twentieth century Caribbean woman writers, are as complicated as they are vast. These authors show
that families continue to struggle with separation, poverty, and cultural identity issues that create extra
ordinary difficulties for the families who live on these post-colonial islands. It can be argued that all
families have struggles, both internal and external, and while this is undoubtedly true, the struggles that
the families described in these novels endure have a direct connection to their colonized past and the
influences of the colonizer, still felt by the countries colonized and their people. The abolition of
slavery in these islands did not eliminate the special problems that the former slaves, now inhabitants,
would inherit, nor did it eliminate the effects or consequences that these issues would create for the
One of the most prevalent concerns for these families is that of separation, both literally and
emotionally, due to differences in the family members interpretation and acceptance of their own
cultural identity. We can see literal family separation in Jamaica Kincaid's “Annie John,” through both
the emigration of Annie's mother, from the Dominican to Antigua, to Annie's eventual immigration to
England. These literal separations of family are derived from economical and educational reasons.
Annie John leaves Antigua, and her family, at the age of sixteen to pursue a continued education that
she can not find in her own country. We can see the emotional toll this has on Annie as she describes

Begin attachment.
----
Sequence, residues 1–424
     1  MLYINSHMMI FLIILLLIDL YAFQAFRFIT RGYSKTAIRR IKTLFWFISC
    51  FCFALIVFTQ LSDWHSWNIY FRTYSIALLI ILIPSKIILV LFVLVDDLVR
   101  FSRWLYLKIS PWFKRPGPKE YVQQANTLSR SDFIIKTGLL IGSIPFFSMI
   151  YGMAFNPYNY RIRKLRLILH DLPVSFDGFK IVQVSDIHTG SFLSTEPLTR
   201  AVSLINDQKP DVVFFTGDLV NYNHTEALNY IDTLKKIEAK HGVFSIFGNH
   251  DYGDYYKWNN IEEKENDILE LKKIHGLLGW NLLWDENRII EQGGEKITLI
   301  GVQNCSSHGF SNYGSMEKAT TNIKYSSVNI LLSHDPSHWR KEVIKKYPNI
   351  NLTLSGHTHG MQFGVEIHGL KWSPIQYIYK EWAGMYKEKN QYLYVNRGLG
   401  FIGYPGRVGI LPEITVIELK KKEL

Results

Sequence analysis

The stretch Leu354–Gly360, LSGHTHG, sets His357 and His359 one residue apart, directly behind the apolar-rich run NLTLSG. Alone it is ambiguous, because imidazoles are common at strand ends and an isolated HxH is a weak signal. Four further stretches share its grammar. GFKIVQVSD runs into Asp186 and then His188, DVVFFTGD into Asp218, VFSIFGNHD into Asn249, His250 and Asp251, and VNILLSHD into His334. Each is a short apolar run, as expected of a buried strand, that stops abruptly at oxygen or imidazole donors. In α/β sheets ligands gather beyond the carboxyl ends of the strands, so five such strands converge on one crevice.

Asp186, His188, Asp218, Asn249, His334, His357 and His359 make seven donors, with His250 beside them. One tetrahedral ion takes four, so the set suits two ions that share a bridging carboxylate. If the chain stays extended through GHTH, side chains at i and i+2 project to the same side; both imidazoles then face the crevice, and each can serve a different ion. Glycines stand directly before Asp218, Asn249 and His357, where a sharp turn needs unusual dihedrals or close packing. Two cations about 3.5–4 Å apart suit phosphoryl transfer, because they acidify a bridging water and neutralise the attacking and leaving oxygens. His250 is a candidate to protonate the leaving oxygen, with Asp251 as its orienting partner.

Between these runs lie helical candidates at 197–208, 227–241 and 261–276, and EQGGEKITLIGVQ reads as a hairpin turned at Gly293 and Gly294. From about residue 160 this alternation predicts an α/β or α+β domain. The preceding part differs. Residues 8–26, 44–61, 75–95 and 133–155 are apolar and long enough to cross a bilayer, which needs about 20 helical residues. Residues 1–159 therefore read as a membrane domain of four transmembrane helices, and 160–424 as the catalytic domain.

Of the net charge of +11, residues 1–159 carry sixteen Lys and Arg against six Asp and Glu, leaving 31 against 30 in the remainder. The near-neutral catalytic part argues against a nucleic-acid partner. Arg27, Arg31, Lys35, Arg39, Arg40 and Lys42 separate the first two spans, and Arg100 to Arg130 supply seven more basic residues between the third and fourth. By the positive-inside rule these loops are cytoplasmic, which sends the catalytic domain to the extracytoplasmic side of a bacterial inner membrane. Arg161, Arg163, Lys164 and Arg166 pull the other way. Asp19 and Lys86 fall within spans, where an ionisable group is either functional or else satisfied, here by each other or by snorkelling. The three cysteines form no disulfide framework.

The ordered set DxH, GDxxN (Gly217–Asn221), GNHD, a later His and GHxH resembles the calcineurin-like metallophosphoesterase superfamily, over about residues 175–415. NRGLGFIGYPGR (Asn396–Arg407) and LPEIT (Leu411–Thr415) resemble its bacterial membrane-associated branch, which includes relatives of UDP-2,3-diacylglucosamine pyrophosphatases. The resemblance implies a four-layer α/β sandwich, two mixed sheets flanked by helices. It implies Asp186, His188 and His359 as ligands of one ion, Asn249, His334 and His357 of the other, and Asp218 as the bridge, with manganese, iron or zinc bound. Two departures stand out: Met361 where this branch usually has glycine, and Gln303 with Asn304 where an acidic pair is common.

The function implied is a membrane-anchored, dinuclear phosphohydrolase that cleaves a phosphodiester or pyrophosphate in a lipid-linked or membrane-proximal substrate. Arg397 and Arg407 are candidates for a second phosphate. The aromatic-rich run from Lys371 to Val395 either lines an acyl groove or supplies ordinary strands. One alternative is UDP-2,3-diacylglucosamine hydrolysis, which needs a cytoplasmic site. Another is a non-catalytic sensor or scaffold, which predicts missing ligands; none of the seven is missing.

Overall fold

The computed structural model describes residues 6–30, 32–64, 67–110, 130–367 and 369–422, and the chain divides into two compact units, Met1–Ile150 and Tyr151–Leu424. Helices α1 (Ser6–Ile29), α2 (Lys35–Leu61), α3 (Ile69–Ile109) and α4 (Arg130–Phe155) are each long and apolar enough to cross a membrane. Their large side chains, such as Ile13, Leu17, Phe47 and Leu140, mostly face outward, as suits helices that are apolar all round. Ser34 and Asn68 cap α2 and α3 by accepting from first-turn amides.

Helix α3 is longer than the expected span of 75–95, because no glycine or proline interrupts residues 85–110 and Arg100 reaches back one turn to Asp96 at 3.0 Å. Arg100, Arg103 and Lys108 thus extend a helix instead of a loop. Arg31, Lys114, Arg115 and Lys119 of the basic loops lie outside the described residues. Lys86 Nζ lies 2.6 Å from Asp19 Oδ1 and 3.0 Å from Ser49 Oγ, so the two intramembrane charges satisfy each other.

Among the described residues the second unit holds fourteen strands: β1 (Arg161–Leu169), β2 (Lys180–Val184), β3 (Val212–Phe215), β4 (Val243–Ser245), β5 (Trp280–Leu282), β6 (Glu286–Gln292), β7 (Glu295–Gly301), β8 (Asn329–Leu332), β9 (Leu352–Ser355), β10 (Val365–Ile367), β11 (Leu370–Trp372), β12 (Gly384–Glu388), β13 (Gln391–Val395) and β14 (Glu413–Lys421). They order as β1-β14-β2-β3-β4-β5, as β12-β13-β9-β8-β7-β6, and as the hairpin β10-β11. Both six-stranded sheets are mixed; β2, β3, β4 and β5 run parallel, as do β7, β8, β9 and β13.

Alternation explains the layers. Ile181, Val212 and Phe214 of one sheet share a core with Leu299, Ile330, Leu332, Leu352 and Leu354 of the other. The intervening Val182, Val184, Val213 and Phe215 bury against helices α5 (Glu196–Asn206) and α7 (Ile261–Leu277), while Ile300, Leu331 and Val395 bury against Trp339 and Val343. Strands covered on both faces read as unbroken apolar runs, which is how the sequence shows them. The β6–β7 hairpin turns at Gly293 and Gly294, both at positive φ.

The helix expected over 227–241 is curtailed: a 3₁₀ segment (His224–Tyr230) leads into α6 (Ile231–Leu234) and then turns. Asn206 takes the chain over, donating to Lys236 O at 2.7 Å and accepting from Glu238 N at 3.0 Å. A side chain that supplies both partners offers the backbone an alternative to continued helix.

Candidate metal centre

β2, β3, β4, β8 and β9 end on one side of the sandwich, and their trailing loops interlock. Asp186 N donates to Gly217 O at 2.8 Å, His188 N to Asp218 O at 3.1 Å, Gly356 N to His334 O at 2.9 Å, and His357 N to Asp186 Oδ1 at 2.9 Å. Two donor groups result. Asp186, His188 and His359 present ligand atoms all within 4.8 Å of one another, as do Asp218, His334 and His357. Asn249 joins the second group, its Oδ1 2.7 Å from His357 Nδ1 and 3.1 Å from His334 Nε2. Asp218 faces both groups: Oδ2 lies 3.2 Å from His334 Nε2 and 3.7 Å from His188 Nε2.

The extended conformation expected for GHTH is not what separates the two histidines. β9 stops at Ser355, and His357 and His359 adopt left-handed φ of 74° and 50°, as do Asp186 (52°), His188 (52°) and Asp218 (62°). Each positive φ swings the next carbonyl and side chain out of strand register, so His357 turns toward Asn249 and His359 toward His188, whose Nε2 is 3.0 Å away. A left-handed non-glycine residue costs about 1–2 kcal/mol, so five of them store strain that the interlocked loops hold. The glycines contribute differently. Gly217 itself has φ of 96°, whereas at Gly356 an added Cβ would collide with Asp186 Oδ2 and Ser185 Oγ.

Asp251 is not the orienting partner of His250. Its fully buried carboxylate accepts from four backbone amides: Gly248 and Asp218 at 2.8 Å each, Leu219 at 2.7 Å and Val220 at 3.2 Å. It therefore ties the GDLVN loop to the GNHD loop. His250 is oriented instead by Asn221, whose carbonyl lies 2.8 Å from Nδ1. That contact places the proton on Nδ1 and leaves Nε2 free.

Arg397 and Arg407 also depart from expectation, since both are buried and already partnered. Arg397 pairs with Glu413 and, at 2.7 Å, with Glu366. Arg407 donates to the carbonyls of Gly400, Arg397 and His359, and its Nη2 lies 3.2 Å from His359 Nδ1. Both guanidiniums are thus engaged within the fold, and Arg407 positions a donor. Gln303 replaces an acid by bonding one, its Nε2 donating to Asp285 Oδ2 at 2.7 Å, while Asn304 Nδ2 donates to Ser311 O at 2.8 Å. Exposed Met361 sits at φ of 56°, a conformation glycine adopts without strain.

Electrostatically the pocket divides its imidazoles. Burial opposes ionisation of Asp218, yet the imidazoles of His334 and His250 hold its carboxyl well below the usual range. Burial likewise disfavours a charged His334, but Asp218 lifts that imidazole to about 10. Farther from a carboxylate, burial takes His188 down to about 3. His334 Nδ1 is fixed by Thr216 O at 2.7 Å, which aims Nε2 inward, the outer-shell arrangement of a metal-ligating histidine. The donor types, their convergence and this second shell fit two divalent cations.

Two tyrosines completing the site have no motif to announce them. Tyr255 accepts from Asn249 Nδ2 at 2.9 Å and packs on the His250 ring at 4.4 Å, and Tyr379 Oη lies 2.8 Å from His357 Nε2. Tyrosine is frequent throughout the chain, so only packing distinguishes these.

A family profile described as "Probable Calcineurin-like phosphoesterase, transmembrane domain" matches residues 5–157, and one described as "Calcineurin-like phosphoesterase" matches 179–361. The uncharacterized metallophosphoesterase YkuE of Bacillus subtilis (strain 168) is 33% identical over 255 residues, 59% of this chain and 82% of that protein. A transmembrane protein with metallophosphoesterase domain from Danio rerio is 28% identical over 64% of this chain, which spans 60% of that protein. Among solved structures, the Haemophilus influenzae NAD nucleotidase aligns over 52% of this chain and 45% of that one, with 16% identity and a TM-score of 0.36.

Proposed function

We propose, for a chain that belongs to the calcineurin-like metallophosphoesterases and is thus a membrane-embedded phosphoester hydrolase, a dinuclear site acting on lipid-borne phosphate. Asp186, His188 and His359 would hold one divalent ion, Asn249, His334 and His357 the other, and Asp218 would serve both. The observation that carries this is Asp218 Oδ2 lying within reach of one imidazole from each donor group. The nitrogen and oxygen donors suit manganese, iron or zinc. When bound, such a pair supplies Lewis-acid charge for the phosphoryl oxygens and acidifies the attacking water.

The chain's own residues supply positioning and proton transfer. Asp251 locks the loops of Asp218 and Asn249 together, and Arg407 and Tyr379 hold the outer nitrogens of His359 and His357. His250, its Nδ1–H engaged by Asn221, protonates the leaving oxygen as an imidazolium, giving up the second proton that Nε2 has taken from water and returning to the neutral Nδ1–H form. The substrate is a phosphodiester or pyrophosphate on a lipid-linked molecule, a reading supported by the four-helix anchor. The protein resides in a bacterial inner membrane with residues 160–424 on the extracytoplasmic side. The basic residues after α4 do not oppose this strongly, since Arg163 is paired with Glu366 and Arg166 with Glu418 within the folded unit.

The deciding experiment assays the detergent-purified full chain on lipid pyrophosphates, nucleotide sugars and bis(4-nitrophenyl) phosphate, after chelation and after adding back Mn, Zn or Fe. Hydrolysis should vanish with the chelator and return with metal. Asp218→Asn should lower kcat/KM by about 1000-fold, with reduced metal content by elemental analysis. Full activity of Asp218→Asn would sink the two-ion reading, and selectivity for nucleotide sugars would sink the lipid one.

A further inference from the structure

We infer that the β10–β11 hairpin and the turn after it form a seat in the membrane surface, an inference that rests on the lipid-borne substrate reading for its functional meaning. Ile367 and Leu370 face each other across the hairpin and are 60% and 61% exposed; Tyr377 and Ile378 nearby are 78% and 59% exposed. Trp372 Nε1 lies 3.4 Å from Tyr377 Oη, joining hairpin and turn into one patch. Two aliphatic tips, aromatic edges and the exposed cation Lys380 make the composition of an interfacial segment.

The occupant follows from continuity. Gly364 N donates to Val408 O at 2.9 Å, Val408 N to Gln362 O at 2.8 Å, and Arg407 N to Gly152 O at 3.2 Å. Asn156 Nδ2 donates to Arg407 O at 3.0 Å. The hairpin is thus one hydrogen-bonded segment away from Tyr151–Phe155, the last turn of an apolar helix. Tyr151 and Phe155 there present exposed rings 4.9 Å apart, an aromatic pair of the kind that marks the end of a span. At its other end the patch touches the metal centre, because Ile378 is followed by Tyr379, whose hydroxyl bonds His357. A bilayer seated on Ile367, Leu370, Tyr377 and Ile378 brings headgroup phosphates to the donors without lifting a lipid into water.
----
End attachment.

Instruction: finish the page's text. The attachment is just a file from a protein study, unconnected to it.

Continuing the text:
her conflicted feelings on her departure: “My mother and my father...
... middle of paper ...
colonizer. The authors of these novels show us a glimpse of what it was and is like growing up and
living in a post-colonial country. Their mouths have been the mouth of misfortunes which have no
Cesaire, Aime. "Xcesaire." Instructional Web Server -. Web. 20 Nov. 2010.
Danticat, Edwidge. Krik? Krak! New York: Vintage, 1996. Print.
Edgell, Zee. Beka Lamb. London: Heinemann, 1982. Print.
Estimates, By Some. "Haiti Earthquake Six Months Later: Where Do Things Stand? - ABC News." ABCNews.com - ABCNews.com: Breaking News, Vote 2010 Elections, Politics, World News,Good Morning America, Exclusive Interviews - ABC News. Web. 24 Nov. 2010.
Kincaid, Jamaica. Annie John. New York: Farrar, Straus, Giroux, 1985. Print.
Marshall, Paule. Praisesong for the Widow. New York: Plume, 1983. Print.
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